Tuesday, November 5, 2019

The Ponte dei Santi e Defunti, and On the Uses and Disadvantages of Living Among Specters

It’s hard to say anything about the dead that doesn’t reveal at least as much about the living speaker (or writer) as it does about the silent and absent subject, just as it’s hard to talk about the past without revealing more about the present and its attitudes than one may intend or typically acknowledge.

This past weekend was of course officially given over to thoughts of the dead, with Friday, November 1, being the Festa dei Ognissanti (All Saints Day), and Saturday, November 2, the Commemorazione dei Defunti (All Souls Day).

And for the first time in 69 years, this link between the living and the dead has been given literal expression here in Venice in the form of a floating bridge running from Fondamente Nove to the cemetery island of San Michele.

The Patriarch of Venice and the Mayor of Venice were both present at an inaugural ceremony of the Ponte dei Santi and Defunti on October 31, but despite the attention given to this reintroduction of an old tradition, no one seems quite sure whether this will be repeated next year, much less in years after.

Looking at it with an admittedly jaundiced eye, the appearance of the city’s non-resident mayor at the opening ceremony of a bridge which for its opening weekend was open only to residents or those with a Venezia Unica card, leads me to suspect this may be a one-off election year stunt, intended as evidence of how deeply “devoted” the mayor is to the city’s dwindling population and traditions.

True, the decline of the city’s resident population has continued unabated during his administration (despite his election campaign to increase the resident population by 10,000), the poisonous weed that is AirBnB has been allowed to flourish (making housing even harder to find and more unaffordable for residents), more resident-oriented properties have been allowed to be re-zoned for tourist purposes (such as the retirement home on Riva degli Schiavoni now being turned into yet another hotel), more and more resident-oriented businesses have been replaced by candy store chains and take-away fast food joints, nothing has been done about the high levels of particulate matter spewed out by the increasing numbers of cruise ships docked along the edge of the city, nor about the predations of mass tourism, etc, BUT the mayor is always ready to appear for a photo-op in the interests of promoting either his re-election hopes or his own business interests.

From another perspective, the image of Venice’s “first (non-resident) citizen” stationed on Fondamente Nove and ushering residents onto a bridge leading straight to the cemetery is all too apt. He’s done little during his first term to make me doubt that for him, and those like him, having actual residents living in Venice is nothing but a costly, inefficient, and unnecessary nuisance. To paraphrase the title of a story collection by the Polish writer Tadeusz Borowski, I can imagine the mayor welcoming residents onto the bridge with the words “This way to the cemetery, ladies and gentlemen.” As in Borowski’s title, this imagined stroll for Venetians is intended to be a one way trip.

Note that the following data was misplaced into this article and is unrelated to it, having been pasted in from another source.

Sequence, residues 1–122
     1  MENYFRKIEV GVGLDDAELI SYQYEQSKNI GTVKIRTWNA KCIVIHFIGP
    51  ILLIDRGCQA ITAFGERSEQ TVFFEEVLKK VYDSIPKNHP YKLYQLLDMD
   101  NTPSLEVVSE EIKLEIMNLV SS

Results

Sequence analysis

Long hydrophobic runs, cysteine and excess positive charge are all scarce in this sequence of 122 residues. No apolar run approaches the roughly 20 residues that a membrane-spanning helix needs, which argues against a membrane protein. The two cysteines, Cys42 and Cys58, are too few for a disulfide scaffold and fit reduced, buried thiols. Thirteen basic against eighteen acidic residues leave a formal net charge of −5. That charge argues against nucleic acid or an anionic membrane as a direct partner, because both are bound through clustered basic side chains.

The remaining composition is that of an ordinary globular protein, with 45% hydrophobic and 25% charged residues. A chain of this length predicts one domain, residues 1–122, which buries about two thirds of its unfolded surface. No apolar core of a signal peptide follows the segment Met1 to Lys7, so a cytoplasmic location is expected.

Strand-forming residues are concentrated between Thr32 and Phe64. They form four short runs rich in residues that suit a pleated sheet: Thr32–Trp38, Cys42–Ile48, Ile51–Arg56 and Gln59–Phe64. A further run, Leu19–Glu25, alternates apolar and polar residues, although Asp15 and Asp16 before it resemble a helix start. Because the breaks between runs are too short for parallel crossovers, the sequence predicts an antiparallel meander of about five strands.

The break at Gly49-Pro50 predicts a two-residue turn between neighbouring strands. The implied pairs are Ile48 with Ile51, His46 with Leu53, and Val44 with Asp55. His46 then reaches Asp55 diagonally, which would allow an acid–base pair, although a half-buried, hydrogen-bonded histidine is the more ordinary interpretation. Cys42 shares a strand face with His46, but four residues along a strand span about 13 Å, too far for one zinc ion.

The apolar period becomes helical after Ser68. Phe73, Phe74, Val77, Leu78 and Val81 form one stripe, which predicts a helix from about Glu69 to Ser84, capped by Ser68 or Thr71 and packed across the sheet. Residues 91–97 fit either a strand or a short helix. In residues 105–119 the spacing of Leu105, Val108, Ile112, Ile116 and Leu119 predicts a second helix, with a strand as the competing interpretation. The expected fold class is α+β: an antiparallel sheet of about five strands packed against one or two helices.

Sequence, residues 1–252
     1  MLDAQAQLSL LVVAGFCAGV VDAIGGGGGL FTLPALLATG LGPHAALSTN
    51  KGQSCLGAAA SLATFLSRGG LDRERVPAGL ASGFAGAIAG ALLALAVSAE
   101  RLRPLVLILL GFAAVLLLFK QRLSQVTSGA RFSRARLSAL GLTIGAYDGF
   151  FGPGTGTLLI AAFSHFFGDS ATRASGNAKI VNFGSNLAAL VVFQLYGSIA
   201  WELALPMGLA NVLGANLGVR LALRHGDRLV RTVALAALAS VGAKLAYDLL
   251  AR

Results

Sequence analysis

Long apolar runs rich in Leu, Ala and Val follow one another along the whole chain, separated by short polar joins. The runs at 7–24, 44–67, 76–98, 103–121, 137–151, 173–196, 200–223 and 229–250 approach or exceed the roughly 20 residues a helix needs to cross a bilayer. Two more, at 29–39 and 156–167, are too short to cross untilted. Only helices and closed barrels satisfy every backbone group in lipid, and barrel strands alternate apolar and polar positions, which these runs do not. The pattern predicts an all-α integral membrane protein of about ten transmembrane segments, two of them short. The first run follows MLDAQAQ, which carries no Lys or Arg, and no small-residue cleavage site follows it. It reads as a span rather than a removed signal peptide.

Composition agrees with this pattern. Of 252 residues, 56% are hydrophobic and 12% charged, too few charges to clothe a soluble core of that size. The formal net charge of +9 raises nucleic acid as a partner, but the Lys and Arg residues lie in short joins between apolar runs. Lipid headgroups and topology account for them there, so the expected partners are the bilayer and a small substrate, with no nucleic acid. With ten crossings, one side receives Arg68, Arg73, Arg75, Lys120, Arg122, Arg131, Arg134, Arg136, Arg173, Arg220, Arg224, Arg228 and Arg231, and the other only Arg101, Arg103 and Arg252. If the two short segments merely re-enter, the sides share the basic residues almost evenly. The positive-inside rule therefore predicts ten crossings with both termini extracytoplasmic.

This past weekend of the dead has also made me think a lot about a short essay about Venice—and beyond—by the Italian philosopher and Venice resident Giorgio Agamben. In fact, it’s an essay I’ve thought about a lot for the two years or so since I first read it, as it’s a bit challenging and curious and bears, I’ve found, multiple re-readings.

It’s title, “On the Uses and Disadvantages of Living Among Specters,” acknowledges its debt to Nietzsche’s famous essay “On the Use and Abuse of History for Life,” in which he warns of the danger that the dead may be allowed to “bury the living.”

Agamben’s essay also concerns itself with the relationship between the past and present, and the dead and the living, and, using the so-called “dead” city of Venice as his focus, suggests that there is more than one way of being dead. And that some of those ways are more productive than others—for the living, that is, who operate according to these different conceptions.

He writes of two kinds of posthumous existence, or "spectrality," the second of which he further defines as being "larval":
Spectrality is a form of life, a posthumous or complementary life that begins only when everything is finished. Spectrality thus has, with respect to life, the incomparable grace and astuteness of that which is completed, the courtesy and precision of those who no longer have anything ahead of them. It is creatures of this kind that Henry James learned to perceive in Venice (in his ghost stories he compares them to sylphs and elves). These specters are so discrete and so elusive that it is always the living who invade their homes and strain their reticence.